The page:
A ticketing system that offers comprehensive reporting and analytics tools to track performance metrics helps to identify trends and align a team around data-driven decisions.

  • Mobile Access

    Although not all ticketing systems have this, mobile access can allow IT staff to manage tickets and provide support on the go.

  • Integration Capabilities

    It's essential that a ticketing system seamlessly integrates with other enterprise SaaS tools and platforms, such as CRM, ERP, PM suite, and communication tools (such as Slack and email) to maintain an integrated IT ecosystem.

  • Role-Based Access Control

    Maintains robust security and data privacy by ensuring there are different levels of access and permissions based on user roles within the organization.

  • Support Ticket Categorization and Tagging

    Enables efficient organization of IT support tickets, including the retrieval of tickets through categorization and tagging features.

  • Includes Collaboration Tools

    A multi-functional support ticketing system should include built-in tools for IT staff to collaborate on tickets, share insights, and resolve issues collectively.

  • Customer Satisfaction Surveys

    To create a closed-loop feedback environment based on KPIs, you could include post-resolution satisfaction surveys to gather feedback from employees, helping to continuously improve the IT support process.

Now, let's look at the 9 steps organizations should take to implement an internal ticketing system.

9 Steps for Implementing an Internal Ticketing System

  1. Define Objectives and Requirements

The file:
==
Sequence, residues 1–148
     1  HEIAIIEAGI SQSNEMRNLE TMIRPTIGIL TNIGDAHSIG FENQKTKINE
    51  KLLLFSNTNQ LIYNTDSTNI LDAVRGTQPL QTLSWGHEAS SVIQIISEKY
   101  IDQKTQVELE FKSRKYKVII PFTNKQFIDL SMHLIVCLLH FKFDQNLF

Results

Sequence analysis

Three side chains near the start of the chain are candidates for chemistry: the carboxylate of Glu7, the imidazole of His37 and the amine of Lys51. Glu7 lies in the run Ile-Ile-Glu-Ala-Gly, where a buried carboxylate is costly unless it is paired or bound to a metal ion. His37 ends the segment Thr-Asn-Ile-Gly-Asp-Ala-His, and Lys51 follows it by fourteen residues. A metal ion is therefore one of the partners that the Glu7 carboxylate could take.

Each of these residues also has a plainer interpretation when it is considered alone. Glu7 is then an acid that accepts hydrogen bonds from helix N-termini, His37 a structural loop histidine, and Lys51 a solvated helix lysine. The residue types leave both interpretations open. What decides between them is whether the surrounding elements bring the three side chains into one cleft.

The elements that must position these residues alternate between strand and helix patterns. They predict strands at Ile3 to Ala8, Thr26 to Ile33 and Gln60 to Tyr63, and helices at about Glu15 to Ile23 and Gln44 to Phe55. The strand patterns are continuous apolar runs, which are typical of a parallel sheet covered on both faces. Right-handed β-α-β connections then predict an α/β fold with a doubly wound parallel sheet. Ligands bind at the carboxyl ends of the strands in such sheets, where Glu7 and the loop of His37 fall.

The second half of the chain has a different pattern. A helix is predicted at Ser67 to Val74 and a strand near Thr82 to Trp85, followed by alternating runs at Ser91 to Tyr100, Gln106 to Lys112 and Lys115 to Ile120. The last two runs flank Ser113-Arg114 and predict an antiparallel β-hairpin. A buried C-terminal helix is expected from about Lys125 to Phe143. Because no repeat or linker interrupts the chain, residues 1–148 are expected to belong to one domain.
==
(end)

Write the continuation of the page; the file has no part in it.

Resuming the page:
Before implementing any system, such as an internal ticketing system, you need to perform a needs assessment. Identify the specific goals you want to achieve with the ticketing system (e.g., improved response times, better resource allocation, etc.).

    Maybe you're looking to replace a system you already have. In which case, assess what works with your current vendor and what you would need for a new one. Take time to gather input from staff who would be using the system, and key stakeholders to understand their needs and expectations.

    Outline the essential features and capabilities the new system is required to have to meet these goals. Plus, make sure you have a clear understanding of the budget and expectations for a new system.

  2. Research and Select the Right Software

    Now that you understand this, take time to evaluate different internal ticketing system solutions available in the market. Read reviews and case studies. Reach out and talk to the providers.

    Consider factors such as ease of use, scalability, integration capabilities, and cost. Plus, what kind of uptime are they offering (e.g., 99.999% should be the minimum) as well as backups and security. All of these are important considerations, as is the training, support, and onboarding provided. Are we talking about an easy set-up, or could it take 3+ months and thousands of dollars in consultancy fees?

    Once you have narrowed down the options, choose the solution that best fits your organization's needs and budget.

  3. Plan the Implementation Process

    Working with the vendor, internal stakeholders, and team members, develop a detailed implementation plan, including timelines, milestones, and responsible parties.

    Ensure you have the necessary C-level backing, resources, and support for a smooth deployment. Before going ahead, communicate the plan to all stakeholders and gather feedback, make any changes to the plan as required, and then start the rollout.

  4. Configure the System

    Now you can customize the ticketing system to match your organization's workflows and processes. Work together to establish automated routing, categorization, and prioritization rules.

    Integrate the system with other relevant SaaS tools that will be part of this workflow. If you're moving from one vendor to another, ensure all data from the previous system is transferred over securely to prevent data loss or downtime.